How to find the right type of kayak for you

December 21, 2014

Kayaking is a brilliant innovation, and these days it’s gone from being an efficient mode of transportation to a highly thrilling sport. In fact, more and more Canadians are enjoying kayaking as a great summer activity, and with good reason. It combines athleticism, leisure, relaxation and adventure.

Whether you’re taking your first steps into the world of kayaking or are a long-time enthusiast, you’re sure to find a type of kayak that suits you. Here are some kayaking ABCs to guide you on your way.

Expert or beginner?

The first step before buying anything is to consider your level of experience and how you intend to use your craft. Here are the main types of kayaks on the market:

  • Sea kayaks. These very narrow boats are designed for experienced users in rough waters. Their impressive length (up to 5.5 metres) makes them fairly difficult to manoeuvre. For that reason, always choose a sea kayak that’s equipped with a rudder or a skeg to facilitate steering. It’s also a good idea to opt for a model with waterproof compartments to protect your belongings in rough water.
  • Touring/freshwater kayaks. Measuring between 3.8 and 4.5 metres in length, this type of kayak is ideal for long trips on lakes or quiet rivers. It’s shorter and wider than its seafaring cousin, and safer and easier to handle. This type of kayak is popular with fans of camping-kayaking trips.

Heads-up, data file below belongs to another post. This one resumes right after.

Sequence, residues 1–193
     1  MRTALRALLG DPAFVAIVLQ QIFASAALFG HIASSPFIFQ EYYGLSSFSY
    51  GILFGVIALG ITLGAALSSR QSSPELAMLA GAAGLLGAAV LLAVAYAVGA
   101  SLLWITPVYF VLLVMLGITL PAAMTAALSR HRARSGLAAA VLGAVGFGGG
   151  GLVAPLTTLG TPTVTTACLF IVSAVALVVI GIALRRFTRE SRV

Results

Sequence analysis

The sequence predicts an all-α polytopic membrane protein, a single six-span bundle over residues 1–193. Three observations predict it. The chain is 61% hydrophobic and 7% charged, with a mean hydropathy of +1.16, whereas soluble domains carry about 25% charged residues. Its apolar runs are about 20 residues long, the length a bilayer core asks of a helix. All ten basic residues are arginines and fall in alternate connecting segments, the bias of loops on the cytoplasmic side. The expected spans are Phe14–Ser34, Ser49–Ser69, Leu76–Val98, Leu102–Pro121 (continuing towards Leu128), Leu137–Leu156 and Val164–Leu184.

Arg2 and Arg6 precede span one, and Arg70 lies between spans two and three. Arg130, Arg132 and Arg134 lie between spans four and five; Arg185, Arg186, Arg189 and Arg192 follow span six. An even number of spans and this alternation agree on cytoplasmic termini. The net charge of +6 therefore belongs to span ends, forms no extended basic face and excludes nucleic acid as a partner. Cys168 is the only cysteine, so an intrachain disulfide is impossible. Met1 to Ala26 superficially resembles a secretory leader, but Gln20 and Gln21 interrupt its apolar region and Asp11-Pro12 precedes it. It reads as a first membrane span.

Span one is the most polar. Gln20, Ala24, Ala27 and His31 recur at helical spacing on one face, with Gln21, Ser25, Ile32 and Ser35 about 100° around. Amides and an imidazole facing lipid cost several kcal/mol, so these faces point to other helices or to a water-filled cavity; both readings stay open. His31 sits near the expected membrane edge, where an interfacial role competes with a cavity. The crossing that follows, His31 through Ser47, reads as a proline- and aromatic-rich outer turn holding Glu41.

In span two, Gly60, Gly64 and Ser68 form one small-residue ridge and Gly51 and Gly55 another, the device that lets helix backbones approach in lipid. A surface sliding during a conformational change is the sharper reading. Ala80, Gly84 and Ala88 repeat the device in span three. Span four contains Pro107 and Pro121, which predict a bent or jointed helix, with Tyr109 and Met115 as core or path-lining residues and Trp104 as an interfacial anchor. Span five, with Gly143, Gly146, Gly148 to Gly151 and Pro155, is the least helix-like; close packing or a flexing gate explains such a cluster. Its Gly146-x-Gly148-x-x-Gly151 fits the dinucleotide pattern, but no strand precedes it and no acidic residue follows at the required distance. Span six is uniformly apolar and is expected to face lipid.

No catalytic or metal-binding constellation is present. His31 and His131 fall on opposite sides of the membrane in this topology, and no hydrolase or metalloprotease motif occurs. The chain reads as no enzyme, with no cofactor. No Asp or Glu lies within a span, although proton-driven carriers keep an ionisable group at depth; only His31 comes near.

• Recreational kayaks. With a maximum length of four metres and fairly wide build, this is the kayak of choice for beginners starting out in this sport.
  • Open kayaks (often called sit-on-top kayaks). Popular for fishing, this type of kayak stands out because of its open design. Sunday kayakers love to play around on them close to the shore. What’s more, with this kind of fun, safe model, you can easily jump into the water and get back on.

Which material to choose?

Not only has our use of traditional kayaks changed, but the materials used to build them have changed as well. Today’s models are lightyears away from the old wooden ones, as manufacturers continually innovate in order to give fans increasingly efficient and lightweight kayaks.

  • Most kayaks that you find in outdoor stores are made with polyethylene, a durable and affordable material that requires little maintenance. However, it’s a little heavier than other modern materials, such as fibreglass. The latter is more expensive and relatively fragile, but its light weight and high performance is always tempting to kayaking fans.
  • Kayaking professionals swear by Kevlar, but it’s a bit expensive for the general public.
  • There are also inflatable kayaks, which are popular with campers and cottagers. They're fun toys, but in terms of kayaking, they’re short-lived and offer minimum performance.

All in all, there are lots of aspects to consider when buying a kayak, so be sure to find out all you need to know before venturing out on the water.

How to find the right type of kayak for you
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